It’s time to #PauseOfsted

Written by: Dr Mary Bousted | Published:

Ofsted is unable to operate its new framework competently. Change is needed, which is why the #PauseOfsted campaign is timely and welcome, says Dr Mary Bousted

It is now abundantly clear that the new Ofsted Education Inspection Framework (EIF) is in trouble. Launched with such fanfare in September, the EIF has failed to be fairer to schools in deprived areas, who are still, despite Ofsted’s assurances that things would change, disproportionately likely to be given negative Ofsted judgements.

Teachers in primary schools, and heads of small departments in secondary schools, have told us that their already intensive and excessive workload has increased dramatically as they write intent, implementation and impact statements.

Mock “deep dives” into subject areas are creating huge stress in an already stressed out profession.

Even worse, the evidence is mounting that Ofsted is unable to operate this new framework competently. It was always obvious that a generalist inspectorate would have huge difficulty in coming to valid and reliable judgements about curriculum quality in subjects in which inspectors have neither a degree, nor any teaching experience.

The training provided for them by Ofsted focused on the general principles of curriculum design. It did nothing to prepare inspectors for coming to judgements about the quality of a school’s curriculum in discrete subject areas and age phases.

It is only now that Ofsted has stirred its stumps to appoint lead HMI for subjects and age phases. Subject guidance for inspectors is only in draft form in two subjects.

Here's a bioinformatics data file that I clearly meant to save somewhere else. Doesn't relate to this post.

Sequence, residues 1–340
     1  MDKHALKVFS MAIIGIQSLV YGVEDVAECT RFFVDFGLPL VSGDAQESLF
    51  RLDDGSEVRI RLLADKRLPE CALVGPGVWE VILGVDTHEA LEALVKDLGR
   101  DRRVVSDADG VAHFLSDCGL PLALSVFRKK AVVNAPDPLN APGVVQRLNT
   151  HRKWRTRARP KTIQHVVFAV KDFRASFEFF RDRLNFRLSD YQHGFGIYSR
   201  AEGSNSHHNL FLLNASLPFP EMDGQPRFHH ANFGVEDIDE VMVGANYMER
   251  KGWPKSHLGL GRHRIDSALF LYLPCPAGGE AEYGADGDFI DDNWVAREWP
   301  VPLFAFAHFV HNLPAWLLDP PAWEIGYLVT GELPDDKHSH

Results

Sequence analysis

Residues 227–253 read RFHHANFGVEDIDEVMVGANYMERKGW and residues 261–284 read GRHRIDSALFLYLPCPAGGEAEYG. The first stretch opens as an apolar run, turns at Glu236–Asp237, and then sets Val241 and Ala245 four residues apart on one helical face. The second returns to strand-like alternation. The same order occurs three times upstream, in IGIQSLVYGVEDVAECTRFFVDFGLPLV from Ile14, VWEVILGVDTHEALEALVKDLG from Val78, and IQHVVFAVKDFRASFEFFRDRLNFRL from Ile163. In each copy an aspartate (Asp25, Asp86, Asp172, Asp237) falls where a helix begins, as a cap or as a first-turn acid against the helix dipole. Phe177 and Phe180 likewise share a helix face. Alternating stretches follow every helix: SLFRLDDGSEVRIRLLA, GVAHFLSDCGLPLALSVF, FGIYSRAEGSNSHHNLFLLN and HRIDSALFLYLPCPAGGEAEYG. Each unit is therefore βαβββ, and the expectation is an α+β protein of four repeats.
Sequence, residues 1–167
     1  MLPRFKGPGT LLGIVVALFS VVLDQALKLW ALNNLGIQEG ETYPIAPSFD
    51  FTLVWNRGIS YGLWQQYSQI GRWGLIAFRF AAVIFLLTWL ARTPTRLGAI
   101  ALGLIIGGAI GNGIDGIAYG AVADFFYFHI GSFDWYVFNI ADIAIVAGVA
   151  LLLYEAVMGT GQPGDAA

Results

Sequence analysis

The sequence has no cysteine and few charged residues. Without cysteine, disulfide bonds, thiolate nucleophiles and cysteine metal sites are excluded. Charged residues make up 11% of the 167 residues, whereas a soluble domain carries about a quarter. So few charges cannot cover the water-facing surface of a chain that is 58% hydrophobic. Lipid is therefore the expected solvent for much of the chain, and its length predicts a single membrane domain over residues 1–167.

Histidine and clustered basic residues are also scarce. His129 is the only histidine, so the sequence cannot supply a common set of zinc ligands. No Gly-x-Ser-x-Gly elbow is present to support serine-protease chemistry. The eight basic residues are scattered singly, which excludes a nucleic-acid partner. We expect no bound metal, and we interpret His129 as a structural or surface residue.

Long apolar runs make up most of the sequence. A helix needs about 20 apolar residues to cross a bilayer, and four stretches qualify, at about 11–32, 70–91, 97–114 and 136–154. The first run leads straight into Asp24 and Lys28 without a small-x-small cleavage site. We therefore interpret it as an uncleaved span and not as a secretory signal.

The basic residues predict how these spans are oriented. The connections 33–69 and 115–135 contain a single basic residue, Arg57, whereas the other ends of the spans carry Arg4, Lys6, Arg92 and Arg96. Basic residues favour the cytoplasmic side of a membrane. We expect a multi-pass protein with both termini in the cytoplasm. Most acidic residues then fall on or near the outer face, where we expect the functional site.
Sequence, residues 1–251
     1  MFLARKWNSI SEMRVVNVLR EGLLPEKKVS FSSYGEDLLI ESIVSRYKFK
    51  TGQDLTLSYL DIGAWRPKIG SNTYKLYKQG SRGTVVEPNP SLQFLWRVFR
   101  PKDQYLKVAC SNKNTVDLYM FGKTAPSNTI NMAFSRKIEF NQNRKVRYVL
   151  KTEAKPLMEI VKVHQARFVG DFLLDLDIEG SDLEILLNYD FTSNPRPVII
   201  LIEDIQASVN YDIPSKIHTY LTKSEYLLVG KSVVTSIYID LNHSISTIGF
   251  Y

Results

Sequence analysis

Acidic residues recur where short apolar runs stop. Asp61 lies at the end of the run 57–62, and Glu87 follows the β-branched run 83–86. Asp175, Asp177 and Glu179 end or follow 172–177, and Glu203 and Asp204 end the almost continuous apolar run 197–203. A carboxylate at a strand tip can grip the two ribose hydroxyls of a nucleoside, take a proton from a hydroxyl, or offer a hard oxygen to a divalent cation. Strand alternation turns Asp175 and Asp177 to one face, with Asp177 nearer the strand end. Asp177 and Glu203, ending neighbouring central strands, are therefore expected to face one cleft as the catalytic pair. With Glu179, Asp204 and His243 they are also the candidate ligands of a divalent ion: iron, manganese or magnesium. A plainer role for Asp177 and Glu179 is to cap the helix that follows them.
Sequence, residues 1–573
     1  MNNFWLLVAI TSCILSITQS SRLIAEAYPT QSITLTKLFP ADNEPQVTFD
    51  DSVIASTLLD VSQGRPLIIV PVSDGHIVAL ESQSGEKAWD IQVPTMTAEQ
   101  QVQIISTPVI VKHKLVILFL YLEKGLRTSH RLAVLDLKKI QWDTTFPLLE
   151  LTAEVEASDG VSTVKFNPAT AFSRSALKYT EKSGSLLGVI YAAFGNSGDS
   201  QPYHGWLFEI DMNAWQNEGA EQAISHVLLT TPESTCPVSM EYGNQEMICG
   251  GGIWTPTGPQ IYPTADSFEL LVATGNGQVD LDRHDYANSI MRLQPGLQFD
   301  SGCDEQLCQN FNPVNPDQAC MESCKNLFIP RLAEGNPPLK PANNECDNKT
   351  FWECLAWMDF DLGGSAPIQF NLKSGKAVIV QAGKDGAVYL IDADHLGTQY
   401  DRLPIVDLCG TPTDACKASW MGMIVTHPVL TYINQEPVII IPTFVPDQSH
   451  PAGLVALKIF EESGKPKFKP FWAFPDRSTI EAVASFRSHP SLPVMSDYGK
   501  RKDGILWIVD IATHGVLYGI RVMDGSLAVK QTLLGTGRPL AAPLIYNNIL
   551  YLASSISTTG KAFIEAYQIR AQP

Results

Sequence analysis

Ofsted would definitely have something to say if schools launched into a new initiative with this level of unpreparedness and ineptness. But Ofsted appears to believe that it is immune to criticism.

The problem for Ofsted is that, for once, its faults have been recognised and there has been a powerful reaction. Ofsted has been summoned to schools minister Nick Gibb’s office to try to avert all-out war with the CEOs of three powerful MATs – Outwood Grange, Harris and Inspiration Trust – who complain that inspectors do not have the capability to make the “fine grained” judgements on curriculum.

Tales of inspectors downgrading schools because pupils were not able to answer daft questions (such as the seven-year-old who was unable to point out Cambodia on a globe) are running rife on social media. The reputation of the inspectorate is badly dented.

And now the Headteachers’ Roundtable group has launched a campaign to #PauseOfsted by asking school leaders to stop working for Ofsted as inspectors.

Stephen Tierney, the chair of the Roundtable and a recently retired MAT CEO, puts the case powerfully: “Knowing the systemic disadvantages of schools serving poorer communities, are we doing good by inspecting and degrading other schools? Knowing the effects of high-stakes accountability on retention, especially in those same schools, are we actually doing harm? Knowing that for all its intent, the implementation and impact of the new framework are already perpetuating this inequality, are our actions just? And in the end, is it really the best way to improve school performance?” (Tierney, 2020)

These are important questions, which is why we have also advised our members not to work as inspectors.

Like the Headteachers’ Roundtable, we support an independent school inspectorate – but not the one we currently have, operating so destructively in our schools.

It is time for a rethink. It is time to #PauseOfsted and to consider properly and carefully just what system of school and college inspection is needed.

  • Dr Mary Bousted is joint general secretary of the National Education Union.

Further information


Please view our Terms and Conditions before leaving a comment.

Change the CAPTCHA codeSpeak the CAPTCHA code
Sign up SecEd Bulletin